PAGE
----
Monday, 27 May 2013

PINOT GRIGIO, OUR GREENER SHADES OF GREY



27 May 2013
SERVE well-chilled with mixed fried
seafoods, or a Thai beef salad.

David Ellis

THE French have been making pinot gris for yonks, with references to it going back as far as the 14th century, while later it found its way to Italy where its grown and labelled as pinot grigio and is now one of the most popular white wine varieties imported into many regions in the USA.

And it's gaining growing fans here in Australia too, in the last decade or so locally-made versions moving from somewhere down in the "alternative white wine" category, to more worthy mainstream recognition – in particular those made in our cooler regions.

But there are some makers turning out marvellously credible pinot grigio in warmer areas too: in the Hunter Valley, for instance, David Hook Wines was somewhat of a pinot grigio pioneer in that region in the late 1980s, with David producing consistently excellent examples ever since from his family's one-time grazing property at Pokolbin.

POTENTIAL Hunter classic?
Think about this with peppered
scotch fillets under a creamy
mushroom sauce.
'Grigio' is Italian for grey and while many pinot grigio in their homeland have a grey shade about them, in Australia such is not always the case. David Hook's recently-released 2012, for instance, is a bright medium green with yellow and gold tinges, and is a wonderfully steely dry drop that's nicely balanced between fruitiness and acidity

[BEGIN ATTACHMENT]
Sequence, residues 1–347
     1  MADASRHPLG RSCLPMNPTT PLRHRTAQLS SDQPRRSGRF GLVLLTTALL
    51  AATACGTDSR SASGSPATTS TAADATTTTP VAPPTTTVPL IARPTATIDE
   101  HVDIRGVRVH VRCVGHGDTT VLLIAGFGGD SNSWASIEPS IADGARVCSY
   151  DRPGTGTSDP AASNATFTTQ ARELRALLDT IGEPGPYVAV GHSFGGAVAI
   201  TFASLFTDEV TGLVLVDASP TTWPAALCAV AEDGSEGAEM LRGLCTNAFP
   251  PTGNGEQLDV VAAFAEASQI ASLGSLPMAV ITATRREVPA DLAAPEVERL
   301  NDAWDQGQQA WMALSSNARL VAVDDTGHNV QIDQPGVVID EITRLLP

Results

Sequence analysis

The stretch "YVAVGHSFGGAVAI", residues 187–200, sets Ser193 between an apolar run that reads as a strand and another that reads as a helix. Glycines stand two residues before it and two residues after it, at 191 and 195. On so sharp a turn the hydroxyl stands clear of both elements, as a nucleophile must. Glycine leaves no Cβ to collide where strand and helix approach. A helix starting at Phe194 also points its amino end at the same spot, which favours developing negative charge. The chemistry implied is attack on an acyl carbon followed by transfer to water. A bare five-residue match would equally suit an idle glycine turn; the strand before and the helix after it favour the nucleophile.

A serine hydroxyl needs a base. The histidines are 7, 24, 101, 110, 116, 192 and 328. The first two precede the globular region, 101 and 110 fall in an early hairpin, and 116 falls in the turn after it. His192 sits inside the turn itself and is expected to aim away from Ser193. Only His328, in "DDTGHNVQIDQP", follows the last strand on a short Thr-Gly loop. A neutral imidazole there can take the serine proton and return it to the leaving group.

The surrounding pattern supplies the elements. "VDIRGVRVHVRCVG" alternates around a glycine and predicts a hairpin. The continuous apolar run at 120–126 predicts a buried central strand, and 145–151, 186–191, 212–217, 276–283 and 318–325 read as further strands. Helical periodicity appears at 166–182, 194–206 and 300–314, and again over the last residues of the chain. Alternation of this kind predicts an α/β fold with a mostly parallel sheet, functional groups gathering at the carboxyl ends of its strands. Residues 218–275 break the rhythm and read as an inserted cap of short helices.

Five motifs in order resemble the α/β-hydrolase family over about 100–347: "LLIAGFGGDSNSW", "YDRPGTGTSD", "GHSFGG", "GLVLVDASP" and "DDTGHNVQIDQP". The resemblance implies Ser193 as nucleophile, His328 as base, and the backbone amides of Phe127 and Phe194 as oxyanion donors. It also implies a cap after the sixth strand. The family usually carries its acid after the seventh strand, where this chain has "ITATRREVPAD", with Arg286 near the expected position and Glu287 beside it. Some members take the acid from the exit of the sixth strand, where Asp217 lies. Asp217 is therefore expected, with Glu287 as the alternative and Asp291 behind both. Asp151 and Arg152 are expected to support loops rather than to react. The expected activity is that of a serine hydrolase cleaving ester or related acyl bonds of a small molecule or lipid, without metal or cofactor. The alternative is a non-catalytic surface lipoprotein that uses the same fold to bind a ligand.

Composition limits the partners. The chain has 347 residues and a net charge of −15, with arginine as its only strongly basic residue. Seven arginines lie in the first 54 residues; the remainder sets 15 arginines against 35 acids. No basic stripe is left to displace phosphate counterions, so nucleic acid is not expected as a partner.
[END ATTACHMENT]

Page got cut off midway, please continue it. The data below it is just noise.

At a great-value $18 and with forward tropical fruit flavours and a touch of spice, serve this David Hook Pinot Grigio well-chilled with mixed fried seafoods, or Thai beef salad.

ONE TO NOTE:  ANOTHER interesting drop from one of the Hunter's smaller makers is a 2011 LDR Shiraz from the family-run De Iuliis Wines, whose Chief Winemaker, Mike ("MickeyD") de luliis has crafted a drop that's great for enjoyment now, but will improve marvellously over the next five years – so think cellaring a few for the future.

Made from fruit grown on heavy clay soils, this wine's already showing all signs of being a Hunter classic – medium to full-bodied with a soft mouth feel of fine grained tannins, ripe plums and blackberries, and at $40 its one to give good thought to for a special occasion dinner with spicy peppered scotch fillets under a creamy mushroom sauce.  

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